The copy of the Man who Folded Himself that I read included a foreword by Robert J. Sawyer. I feel compelled to mention that I found this is to be pretty lame and shallow, and to be honest, more self serving than anything else. Of far more interest (and of intelligent thought) is the afterword by Geoffrey Klempner and is well worth a read [caution: After reading the novel – it contains spoilers!]
The Man who Folded Himself is available from Amazon.co.uk and Amazon.com (affiliate links) and comes with the highest of my recommendations – an easy 5/5 stars!
Some time ago I took a short break to Texel – one of the Wadden Sea Islands off the coast of Holland.
Quite by chance (or so I thought…) I ended up in a cafe called “De Tijd” (“The Time”).
The walls were absolutely plastered with clocks! The waitress told me that they were all gifts, donated by patrons over the years. Now (sadly) there is not enough wall space for the tradition to continue, but instead notebooks lie on each table for visitors to jot down any thoughts they might have (regarding the food they’re eating, where they’ve come from, etc.).
Above my head in the shot above is a plaque with a poem, “De Tijd”
Here’s the translation (thanks to google translate…my own Dutch isn’t up to the task!):
Whatever one does, the time passes
though it does not, time passes
whether they are impoverished or enriched
uitslooft themselves or sailing stroke
been doing it wrong, though it does well
‘t they awake or asleep, and nothing suspect
yes, which one also gets rid of
elapses from the time, time!!!
And talking of things above my head (and I’m talking quite literally here!) did I mention that the ceiling space was also used as efficiently as the wall space?
And what of the food? It was served on plates like this, which get a thumbs up from me for not displaying the annoyingly presumptiously happy ten-to-two (or ten-past-ten…)
Whilst we were waiting for the food to be prepared, my wife reminded me that we’d been here the previous year. I’d forgotten all about it! We were having about to have a ‘Deja Eat’!
So my wife as reliving her past I was living the present, and as the food was brought in, served on a time-plate, I couldn’t help thinking of Plato (sorry…! 😉 ) and his wish to remember the future.
Maybe we’ll be back next year…but I can’t remember!
I have a doppelganger. He looks a bit like me and he behaves a bit like me. But he’s not me; he’s a little taller but not as scrawny, he’s a bit less bald, and he doesn’t wear glasses. He wears a black coat as I do and slings a small grey rucksack on his back. As I do.
And he really gets on my nerves.
Like me, he doesn’t talk to other passengers on the train and avoids them by fixing his focus on glitzy but intellectually dull pages on a free newspaper. Reading about characterless celebrities with non interesting lives. Loser. At least I read books. Or write in my journal.
But sometimes he likes to watch real people.
The first time I caught sight of him I thought he was a pillock and best avoided. The trouble is that it seems he’s everywhere I am – and can’t be avoided!
He catches my train every morning. And he cycles to his office on the other side of the road as mine, pedaling the same speed as me – either just in front or just behind. He leaves his office when I do, and cycles again either just in front or just behind me, back to the train station where he catches my train to take him back to his home.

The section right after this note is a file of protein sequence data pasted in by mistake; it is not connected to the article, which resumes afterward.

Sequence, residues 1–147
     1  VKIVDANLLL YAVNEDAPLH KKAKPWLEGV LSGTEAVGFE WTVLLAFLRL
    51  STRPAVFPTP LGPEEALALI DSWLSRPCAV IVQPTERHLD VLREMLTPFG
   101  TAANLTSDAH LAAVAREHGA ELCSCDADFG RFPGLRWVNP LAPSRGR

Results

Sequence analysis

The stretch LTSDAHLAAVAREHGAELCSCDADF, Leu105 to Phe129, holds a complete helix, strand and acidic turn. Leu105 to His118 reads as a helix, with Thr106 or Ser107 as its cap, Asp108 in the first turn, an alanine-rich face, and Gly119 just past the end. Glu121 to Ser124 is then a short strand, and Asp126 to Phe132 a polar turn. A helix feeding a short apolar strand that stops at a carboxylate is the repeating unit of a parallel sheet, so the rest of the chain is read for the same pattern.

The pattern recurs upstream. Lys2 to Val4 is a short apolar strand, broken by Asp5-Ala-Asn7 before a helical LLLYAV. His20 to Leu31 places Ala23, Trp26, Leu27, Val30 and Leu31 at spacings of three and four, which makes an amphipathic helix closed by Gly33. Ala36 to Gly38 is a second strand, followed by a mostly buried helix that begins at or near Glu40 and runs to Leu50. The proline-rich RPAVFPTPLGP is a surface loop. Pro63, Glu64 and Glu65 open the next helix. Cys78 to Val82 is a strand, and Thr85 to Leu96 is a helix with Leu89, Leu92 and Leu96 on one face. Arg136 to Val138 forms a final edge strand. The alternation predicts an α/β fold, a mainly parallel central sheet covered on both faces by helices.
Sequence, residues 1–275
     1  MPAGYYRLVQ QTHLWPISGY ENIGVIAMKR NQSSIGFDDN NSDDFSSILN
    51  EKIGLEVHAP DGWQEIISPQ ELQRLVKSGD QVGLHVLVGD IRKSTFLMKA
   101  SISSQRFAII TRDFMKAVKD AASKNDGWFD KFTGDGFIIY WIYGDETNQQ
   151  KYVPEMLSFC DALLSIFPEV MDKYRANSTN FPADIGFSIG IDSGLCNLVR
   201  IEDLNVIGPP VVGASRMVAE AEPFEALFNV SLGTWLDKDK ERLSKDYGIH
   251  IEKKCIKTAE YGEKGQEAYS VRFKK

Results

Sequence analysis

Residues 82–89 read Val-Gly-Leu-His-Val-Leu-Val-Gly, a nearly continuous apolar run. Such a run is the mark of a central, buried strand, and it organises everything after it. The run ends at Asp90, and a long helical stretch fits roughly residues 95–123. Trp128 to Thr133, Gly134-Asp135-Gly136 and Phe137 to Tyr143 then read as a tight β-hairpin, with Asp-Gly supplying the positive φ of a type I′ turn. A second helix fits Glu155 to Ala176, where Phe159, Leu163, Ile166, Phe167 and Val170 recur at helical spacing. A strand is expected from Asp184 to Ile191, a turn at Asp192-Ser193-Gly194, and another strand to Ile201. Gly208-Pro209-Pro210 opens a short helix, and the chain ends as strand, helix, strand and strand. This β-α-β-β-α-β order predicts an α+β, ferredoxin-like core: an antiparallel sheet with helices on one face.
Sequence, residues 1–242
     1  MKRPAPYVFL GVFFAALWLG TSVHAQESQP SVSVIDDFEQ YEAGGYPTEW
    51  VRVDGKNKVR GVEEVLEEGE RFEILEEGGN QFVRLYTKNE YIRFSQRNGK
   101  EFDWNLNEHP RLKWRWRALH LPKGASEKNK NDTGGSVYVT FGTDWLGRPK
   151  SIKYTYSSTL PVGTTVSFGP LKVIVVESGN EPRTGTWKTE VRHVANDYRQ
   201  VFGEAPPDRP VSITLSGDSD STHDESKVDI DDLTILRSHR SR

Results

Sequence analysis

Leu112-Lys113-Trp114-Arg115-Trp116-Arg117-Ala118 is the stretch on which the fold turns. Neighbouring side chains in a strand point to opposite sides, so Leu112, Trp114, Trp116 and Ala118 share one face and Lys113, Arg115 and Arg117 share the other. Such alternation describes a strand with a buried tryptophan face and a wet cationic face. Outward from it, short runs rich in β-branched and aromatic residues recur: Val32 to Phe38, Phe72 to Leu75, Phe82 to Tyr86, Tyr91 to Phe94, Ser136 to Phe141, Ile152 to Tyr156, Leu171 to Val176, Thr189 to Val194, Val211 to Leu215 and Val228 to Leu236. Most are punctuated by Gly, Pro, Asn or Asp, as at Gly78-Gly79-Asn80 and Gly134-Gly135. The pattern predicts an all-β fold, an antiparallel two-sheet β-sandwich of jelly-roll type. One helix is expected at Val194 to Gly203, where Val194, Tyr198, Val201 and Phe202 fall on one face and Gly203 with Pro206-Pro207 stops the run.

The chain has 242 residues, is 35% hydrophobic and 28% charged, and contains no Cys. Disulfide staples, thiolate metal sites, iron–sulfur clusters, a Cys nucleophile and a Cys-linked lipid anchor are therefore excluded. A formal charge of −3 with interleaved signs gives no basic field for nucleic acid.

He waits on the same part of the platform every day so that he’s best positioned for his favourite seat – a single seat towards the back of the carriage where he can sit without the elbows and knees of an adjacent passenger protruding into his personal space.
I like to sit on the seat at the side with the back to the window. Many don’t like it as it means a sideways motion when travelling and that means I have space. No arms or legs or bags or large newspapers invading my personal space. And I can watch him trying not to let me see him watching me!
He observes everything with silent disdain; a scowl or disapproval of any facet of life he may encounter in his unchanging sphere. And yes, I have caught him eyeballing me too, through the corner of his eye – I have seen it!
I’ve never spoken to him, but he’s never spoken to me either. He started it.
A couple of times I have tried to make contact; to break the strange awkward aversion, but it never pans out. When I make a deliberate sustained look directly towards him, that’s when he sneezes, or reaches for his phone, or looks the other way. There’s always some excuse to not look at me directly. What am I…Medusa?
It seems that there is an unspoken battle between us, although I cannot say over what. Maybe for our very own existence.
I wonder. I read something a while ago that doppelgangers can’t share the same space or time – it is a paradox of causality. Some explain that multiple versions of a person exist in multiple parallel universes which are created at “bisection points” – when alternate outcomes of momentous or key decisions have been made.
Personally I don’t believe in the instantaneous creation of mass and energy out of nothing on a whimsical decision.
But if it were true, maybe a crossing or an intersection of these [not-so-parallel] universes would allow a person to meet an alternative version of himself? Or would interaction cause one or both of us to disintegrate? Or the universe?
I don’t know. But I do think it would be painful to find out.
(Too much) Contact
I’ve only ever seen him smile once. Perhaps. Actually, it was more of a smirk. I hadn’t seen him for a few days since the weekend. I wondered where he was because he wasn’t waiting on the platform at his usual place. He must have been ill because on Thursday he was back and letting me know about it as he was coughing loudly on the train. And he wouldn’t stop.